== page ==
I miss my smoking habit. I know it's crazy but I do
Paddy Logue: I gave up many years ago and I’m glad. But still I miss it
“It’s been many years since I stopped being a dedicated, unashamed smoker, but I still miss them.” Photograph: iStock
I miss smoking. The lovely first one in the morning, the sneaky one outside the back door last thing before bed, the one in the car with music blaring. The many, many cigarettes while chatting with friends on a night out.
I miss the one I used to squeeze in just before I got on the train in the morning on the way to work and the one I had when I got off the train at the other end before heading in to the office. The one I nipped outside for during a kid’s birthday party. Oh, and the ones sitting on a terrace with a cold beer at 7pm under the warm evening sun in the south of France.
I miss the ones I used to expertly roll and the ones I used to have when I was a teenager away from prying parental eyes. The ones at the back of the school, away from teachers’ eyes. I miss the ones we used to have while at our desks at work way back when. Hard to believe, I know and I’m not that old. I miss the lovely anticipation of opening a fresh pack, blowing smoke rings, messing around with my Zippo lighter. I miss going splits with my friends because we couldn’t afford a full packet and the camaraderie of that. I miss the feeling of sitting down with a table of strangers at a wedding, immediately identifying the smokers and making friends for life.
God, I miss them, and it’s been many years since I stopped being a dedicated, unashamed smoker, but I still miss them. I can smell them, taste them right now as I write this. A woman with a cigarette passed me on the street about half an hour ago and I have to confess I breathed in the second-hand smoke as she passed. Just a momentary lapse, mind.
I know other ex-smokers feel like this, too, but of course you can’t say it. It is more acceptable these days to say you quite like engaging in a little armed robbery on the first Tuesday of every month or pushing wheelchair-bound children down steep hills at the weekends. But I did, I really did and I can’t lie.
It’s just that it kills you, makes your life a misery, makes you smell disgusting and costs an absolute fortune. If it wasn’t for these things, I’d start smoking again. I’d start right now this minute if smoking wasn’t forbidden on public transport.
Clearly I’m a recovering addict. I know I am, and it is this addiction that makes me feel this way. And if I found any of my kids fooling around with cigarettes I’d kill them stone dead for it. If any of you are reading this: dead. On the spot, lads.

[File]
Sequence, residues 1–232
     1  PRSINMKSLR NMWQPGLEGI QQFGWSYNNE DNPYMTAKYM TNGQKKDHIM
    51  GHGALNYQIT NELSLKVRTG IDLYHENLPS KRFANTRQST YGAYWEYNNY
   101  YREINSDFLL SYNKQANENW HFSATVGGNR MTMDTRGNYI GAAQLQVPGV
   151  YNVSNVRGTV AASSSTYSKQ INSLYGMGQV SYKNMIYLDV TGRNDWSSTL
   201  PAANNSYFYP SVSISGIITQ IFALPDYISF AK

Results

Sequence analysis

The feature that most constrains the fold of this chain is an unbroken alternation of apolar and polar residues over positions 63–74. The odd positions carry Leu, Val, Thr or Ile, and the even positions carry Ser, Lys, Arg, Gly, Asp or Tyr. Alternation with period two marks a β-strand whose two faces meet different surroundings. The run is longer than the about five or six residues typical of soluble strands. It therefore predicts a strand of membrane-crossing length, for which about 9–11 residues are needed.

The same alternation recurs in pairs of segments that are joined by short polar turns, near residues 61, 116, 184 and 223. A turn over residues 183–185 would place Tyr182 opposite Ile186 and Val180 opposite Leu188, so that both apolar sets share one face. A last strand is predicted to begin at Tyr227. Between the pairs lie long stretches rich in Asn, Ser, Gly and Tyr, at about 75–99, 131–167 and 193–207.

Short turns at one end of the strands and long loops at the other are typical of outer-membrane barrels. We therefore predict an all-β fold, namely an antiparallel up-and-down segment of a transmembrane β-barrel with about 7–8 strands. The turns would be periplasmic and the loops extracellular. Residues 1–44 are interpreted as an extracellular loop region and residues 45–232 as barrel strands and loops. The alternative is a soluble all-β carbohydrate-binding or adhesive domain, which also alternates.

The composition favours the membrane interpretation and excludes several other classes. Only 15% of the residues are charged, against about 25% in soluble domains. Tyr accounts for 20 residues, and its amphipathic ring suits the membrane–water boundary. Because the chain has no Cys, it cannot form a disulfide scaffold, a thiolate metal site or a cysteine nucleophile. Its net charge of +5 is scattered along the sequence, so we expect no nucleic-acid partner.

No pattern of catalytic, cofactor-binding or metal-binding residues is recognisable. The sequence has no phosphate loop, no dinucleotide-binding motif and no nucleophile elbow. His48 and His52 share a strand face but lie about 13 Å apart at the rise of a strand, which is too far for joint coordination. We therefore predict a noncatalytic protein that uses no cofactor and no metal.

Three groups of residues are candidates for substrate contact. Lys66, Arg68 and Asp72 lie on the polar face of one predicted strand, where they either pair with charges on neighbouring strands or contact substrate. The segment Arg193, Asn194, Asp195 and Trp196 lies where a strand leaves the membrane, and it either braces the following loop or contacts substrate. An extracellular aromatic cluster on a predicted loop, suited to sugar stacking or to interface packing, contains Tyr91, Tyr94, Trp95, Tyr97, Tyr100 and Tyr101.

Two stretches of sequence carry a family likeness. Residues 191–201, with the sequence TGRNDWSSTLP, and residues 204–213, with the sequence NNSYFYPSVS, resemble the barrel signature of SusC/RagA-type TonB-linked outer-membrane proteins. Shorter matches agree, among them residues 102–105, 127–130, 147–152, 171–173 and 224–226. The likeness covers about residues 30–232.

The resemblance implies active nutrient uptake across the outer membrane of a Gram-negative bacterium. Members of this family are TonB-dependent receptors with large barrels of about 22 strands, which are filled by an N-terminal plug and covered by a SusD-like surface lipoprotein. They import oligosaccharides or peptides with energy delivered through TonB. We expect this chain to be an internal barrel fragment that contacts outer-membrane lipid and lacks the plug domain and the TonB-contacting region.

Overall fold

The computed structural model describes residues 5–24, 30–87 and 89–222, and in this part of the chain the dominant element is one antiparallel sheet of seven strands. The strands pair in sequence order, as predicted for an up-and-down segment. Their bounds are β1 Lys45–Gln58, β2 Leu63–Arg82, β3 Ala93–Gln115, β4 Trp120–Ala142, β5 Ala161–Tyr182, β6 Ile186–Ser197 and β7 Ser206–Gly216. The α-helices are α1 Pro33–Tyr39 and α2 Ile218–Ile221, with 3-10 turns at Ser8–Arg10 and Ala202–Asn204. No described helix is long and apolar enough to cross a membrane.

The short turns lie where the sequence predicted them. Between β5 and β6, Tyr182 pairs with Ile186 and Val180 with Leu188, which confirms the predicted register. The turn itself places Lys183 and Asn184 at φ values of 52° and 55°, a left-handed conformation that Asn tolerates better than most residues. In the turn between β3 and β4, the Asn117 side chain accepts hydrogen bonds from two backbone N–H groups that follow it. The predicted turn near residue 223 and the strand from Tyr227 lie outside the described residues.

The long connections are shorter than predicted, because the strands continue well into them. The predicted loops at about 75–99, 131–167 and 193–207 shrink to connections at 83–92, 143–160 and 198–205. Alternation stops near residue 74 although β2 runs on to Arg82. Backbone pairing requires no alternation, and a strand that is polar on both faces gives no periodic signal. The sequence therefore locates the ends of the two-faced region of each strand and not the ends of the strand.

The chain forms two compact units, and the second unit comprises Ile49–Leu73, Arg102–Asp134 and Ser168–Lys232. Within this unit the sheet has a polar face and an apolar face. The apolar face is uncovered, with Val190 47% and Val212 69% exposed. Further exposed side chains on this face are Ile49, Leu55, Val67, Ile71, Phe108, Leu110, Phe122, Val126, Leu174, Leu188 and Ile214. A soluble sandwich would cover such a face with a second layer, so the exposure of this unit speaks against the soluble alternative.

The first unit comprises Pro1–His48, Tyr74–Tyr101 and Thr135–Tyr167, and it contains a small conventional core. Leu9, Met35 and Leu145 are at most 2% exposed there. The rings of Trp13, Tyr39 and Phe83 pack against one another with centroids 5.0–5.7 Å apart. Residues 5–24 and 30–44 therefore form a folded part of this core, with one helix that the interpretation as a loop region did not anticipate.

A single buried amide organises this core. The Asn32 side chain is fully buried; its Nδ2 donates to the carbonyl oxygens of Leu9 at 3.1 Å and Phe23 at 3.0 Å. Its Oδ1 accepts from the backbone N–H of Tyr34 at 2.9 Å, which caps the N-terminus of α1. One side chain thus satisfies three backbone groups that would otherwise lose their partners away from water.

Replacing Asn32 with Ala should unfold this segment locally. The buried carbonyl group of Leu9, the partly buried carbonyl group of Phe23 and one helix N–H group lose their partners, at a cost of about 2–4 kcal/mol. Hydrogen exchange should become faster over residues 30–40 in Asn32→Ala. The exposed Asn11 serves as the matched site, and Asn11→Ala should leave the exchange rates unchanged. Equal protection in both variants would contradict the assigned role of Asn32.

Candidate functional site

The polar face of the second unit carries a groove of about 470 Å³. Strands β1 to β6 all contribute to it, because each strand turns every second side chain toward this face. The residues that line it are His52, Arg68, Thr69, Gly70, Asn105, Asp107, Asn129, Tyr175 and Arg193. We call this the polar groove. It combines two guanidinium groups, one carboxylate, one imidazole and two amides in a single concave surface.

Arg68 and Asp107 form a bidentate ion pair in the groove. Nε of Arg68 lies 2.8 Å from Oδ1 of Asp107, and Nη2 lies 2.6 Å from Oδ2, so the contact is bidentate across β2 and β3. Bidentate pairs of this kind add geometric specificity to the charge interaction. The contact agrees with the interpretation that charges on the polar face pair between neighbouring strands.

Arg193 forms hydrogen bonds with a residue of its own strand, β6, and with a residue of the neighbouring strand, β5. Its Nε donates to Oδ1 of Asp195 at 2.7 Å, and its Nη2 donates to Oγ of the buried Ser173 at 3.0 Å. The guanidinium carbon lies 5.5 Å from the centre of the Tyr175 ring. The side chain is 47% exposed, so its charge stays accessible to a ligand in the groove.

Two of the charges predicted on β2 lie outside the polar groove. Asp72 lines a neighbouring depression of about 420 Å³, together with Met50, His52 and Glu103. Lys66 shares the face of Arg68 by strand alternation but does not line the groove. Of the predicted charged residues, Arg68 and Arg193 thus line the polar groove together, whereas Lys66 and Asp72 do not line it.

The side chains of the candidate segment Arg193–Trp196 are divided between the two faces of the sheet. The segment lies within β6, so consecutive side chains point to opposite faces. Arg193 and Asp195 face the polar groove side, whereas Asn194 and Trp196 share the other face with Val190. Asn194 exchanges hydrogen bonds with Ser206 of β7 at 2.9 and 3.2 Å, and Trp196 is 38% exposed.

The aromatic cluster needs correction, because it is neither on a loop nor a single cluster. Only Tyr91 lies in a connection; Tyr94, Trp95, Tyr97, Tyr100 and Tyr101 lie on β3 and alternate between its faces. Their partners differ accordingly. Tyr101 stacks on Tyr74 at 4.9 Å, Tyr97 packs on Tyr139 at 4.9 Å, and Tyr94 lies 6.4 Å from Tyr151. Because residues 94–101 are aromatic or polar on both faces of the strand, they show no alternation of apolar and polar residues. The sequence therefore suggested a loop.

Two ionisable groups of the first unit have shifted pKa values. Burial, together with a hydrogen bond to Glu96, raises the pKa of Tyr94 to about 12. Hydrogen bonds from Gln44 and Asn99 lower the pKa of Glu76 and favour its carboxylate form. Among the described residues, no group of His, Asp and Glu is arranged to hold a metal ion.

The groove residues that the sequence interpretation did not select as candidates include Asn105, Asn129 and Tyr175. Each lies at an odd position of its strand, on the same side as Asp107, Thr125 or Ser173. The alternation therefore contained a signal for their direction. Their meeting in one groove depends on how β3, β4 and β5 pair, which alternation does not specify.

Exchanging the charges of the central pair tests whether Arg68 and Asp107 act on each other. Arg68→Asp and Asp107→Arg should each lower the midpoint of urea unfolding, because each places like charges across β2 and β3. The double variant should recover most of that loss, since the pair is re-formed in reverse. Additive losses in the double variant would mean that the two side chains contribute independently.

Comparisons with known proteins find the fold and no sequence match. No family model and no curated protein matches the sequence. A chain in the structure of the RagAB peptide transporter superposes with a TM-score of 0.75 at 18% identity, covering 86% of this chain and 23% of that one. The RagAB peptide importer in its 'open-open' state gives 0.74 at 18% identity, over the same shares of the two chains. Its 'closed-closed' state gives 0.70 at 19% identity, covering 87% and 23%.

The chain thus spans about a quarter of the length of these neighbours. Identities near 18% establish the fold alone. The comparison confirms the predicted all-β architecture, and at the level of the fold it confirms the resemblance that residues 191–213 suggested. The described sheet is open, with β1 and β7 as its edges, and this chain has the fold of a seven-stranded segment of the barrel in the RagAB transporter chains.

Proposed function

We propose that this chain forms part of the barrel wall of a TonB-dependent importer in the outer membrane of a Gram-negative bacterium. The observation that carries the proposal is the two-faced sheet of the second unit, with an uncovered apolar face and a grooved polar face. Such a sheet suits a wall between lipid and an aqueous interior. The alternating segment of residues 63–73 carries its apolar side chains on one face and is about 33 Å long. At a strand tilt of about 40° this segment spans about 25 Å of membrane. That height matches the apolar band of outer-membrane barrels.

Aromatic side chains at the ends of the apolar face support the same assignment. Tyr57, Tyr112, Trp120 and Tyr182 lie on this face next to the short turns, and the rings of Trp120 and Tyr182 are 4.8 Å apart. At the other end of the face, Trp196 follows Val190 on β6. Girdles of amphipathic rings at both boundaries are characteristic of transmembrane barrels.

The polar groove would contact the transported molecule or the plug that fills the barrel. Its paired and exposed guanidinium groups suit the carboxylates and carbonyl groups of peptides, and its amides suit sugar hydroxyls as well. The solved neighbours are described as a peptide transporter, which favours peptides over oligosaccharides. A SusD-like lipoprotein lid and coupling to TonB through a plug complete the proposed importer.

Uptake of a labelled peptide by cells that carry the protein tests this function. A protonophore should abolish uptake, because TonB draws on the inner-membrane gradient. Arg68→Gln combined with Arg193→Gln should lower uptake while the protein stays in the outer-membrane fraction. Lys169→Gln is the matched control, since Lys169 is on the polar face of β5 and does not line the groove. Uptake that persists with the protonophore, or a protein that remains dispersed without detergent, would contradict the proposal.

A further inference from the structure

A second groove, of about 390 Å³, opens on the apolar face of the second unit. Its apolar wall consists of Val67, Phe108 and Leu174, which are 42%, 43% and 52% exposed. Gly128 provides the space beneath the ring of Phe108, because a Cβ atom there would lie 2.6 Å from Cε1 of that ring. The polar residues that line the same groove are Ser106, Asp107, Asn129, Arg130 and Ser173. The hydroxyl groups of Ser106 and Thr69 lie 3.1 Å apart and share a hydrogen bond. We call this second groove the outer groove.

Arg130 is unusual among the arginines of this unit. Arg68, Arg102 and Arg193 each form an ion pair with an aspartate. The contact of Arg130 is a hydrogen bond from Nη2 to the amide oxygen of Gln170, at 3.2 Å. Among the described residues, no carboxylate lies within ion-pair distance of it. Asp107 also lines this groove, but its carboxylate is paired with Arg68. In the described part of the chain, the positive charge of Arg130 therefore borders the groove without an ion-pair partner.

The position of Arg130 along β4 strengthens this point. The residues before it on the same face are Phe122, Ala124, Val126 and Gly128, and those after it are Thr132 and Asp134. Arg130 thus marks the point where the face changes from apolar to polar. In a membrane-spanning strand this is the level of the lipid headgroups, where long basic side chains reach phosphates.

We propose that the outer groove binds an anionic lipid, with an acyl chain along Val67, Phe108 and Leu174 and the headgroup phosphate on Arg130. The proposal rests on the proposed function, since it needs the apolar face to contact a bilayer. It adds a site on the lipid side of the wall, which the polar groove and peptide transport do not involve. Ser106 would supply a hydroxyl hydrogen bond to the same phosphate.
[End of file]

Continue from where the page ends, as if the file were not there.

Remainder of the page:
Power of nicotine
I know the draw and the power of nicotine too well to let anybody else feel like this. The story of my purchase of an old Merc illustrates this quite well. I loved it: big tank of a thing, gun-metal grey, armchairs for seats, a bonnet that seemed to go on for ever and enough room for a small family of antelope in the back. Apart from the space and good looks, part of what attracted me to it was that its leather interior didn’t hold the smell of cigarettes and that it was an automatic gear shift, meaning I could happily drive and smoke without the nuisance of having to change gear and without a bad smell the next time I climbed in. A car made for a smoker, or so this addict’s mind figured.
I gave up many, many years ago and I’m glad for the presumed extra years of life, the extra cash and for being able to wear clothes that don’t smell like ashtrays. I used to give up at least every two years, but the last one stuck.
Can I hand-on-heart say a cigarette hasn’t once passed my lips since then? Well, there have been some near-misses here and there. I’ve walked into shops and back out again. There have been moments, there have been nights, there have definitely been lapses. But I can confidently say I have been a non-smoker for more years than I can actually remember, that I am fitter and healthier than when I was in my 20s. Two of my three kids have never seen me smoke. I smell better. And I am not spending €1,000 a year on the damn things.
But still I miss them. I know, it’s madness, I know, but honestly, I do.